The future looks fantastic for drivers. Electric cars are set to begin reducing driving costs and helping manufacturers meet emissions requirements within the next two decades. At the same time, driverless car technology will be slowly making its way into general use, allowing
drivers passengers to use their daily commutes more productively, engaging in activities such as watching streaming video though those new 4G connections announced at this year's Consumer Electronics Show (CES).
As all of these new technologies enter the car, however, cars will begin to rely more and more on software. With software comes the possibility of entire vehicles being compromised.
Market Research firm ABI Research today released a new cybersecurity report focused on automobiles. The firm predicts that software security for vehicles will quickly become a huge industry as connected cars become the norm.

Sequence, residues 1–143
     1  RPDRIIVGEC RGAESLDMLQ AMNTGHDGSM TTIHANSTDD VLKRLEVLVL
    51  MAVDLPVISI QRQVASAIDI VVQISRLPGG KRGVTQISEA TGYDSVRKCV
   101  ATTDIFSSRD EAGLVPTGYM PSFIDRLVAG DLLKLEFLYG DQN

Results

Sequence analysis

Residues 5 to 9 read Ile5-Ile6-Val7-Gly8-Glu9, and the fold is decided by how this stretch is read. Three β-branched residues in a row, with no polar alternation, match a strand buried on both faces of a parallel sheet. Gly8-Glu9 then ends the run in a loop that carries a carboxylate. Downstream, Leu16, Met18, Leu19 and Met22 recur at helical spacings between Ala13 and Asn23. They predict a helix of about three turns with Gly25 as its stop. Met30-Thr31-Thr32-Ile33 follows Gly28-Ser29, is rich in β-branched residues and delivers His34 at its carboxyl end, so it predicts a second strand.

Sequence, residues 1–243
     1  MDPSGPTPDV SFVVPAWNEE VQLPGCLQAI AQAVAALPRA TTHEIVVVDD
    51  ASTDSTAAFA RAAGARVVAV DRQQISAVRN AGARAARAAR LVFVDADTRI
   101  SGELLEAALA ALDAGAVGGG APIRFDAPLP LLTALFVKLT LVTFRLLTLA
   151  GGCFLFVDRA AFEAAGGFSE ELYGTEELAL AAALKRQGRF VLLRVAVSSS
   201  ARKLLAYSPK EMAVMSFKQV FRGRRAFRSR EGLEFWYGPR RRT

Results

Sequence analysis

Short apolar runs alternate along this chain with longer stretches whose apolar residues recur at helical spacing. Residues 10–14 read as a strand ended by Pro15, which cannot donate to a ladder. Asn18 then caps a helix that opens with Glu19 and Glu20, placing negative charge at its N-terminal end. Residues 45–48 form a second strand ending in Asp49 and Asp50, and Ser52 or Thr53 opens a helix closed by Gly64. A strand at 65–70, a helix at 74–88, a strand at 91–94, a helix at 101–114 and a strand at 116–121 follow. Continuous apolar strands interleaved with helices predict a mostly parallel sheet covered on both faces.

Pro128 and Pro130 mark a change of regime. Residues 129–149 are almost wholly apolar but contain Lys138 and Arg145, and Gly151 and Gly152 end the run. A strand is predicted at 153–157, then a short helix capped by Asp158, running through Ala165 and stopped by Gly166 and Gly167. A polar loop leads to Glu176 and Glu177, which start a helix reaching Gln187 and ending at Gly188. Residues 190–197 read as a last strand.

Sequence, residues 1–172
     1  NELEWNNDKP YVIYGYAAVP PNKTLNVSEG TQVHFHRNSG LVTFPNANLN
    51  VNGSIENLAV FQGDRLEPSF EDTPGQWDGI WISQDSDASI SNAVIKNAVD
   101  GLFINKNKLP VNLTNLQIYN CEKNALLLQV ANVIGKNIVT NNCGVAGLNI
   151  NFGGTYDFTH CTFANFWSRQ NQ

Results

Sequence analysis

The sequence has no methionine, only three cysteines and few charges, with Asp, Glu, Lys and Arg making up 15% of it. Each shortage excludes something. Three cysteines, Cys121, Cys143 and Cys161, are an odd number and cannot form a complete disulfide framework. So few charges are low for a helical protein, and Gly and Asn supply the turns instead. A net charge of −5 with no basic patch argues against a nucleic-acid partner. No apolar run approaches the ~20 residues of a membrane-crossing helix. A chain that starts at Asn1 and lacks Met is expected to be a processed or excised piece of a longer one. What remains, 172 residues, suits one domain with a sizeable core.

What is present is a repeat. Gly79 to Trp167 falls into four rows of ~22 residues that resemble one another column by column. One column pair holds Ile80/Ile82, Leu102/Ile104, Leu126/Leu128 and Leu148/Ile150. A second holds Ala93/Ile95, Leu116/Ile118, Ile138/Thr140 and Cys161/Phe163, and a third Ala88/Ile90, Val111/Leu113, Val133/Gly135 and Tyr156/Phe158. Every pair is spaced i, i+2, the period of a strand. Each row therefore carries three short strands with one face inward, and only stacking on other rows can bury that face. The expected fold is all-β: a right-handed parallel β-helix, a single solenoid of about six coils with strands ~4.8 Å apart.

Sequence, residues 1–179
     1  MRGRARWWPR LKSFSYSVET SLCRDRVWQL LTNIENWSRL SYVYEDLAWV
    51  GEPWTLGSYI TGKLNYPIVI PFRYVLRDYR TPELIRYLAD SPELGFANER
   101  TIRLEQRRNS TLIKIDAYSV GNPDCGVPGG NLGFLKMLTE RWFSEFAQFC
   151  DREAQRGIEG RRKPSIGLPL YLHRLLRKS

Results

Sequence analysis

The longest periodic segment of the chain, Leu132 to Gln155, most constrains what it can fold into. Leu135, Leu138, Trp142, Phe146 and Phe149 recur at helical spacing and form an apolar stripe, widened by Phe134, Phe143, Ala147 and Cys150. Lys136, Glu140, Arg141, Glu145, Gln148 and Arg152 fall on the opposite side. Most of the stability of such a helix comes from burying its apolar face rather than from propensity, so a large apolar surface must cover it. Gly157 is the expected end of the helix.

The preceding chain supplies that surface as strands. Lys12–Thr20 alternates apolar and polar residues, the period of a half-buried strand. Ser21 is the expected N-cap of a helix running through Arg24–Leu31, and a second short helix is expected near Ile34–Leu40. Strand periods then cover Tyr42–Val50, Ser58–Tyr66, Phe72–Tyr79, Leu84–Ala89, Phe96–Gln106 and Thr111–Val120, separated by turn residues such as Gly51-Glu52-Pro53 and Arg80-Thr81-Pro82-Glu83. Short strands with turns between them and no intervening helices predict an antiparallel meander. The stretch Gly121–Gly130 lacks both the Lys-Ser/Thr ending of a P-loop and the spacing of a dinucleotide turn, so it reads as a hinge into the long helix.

ABI forecasts that more than 20 million cars will ship with software security built-in by the year 2020. The firm believes such software will be needed prevent autonomous and communications systems from cyber-attacks. It is predicted that current enterprise security firms will license out technology to car companies woefully lacing in cybersecurity knowledge or infrastructure.
“So far connected car security has been mainly based on hardware protection and separation with infotainment and vehicle-centric safety systems shielded from each other. However, the shift towards cost-effective software-based security based on virtualization, containerization and sandboxing is well under way with Harman and Mentor Graphics as some of the leading vendors,” said Dominique Bonte, practice director at ABI.
Image via Tesla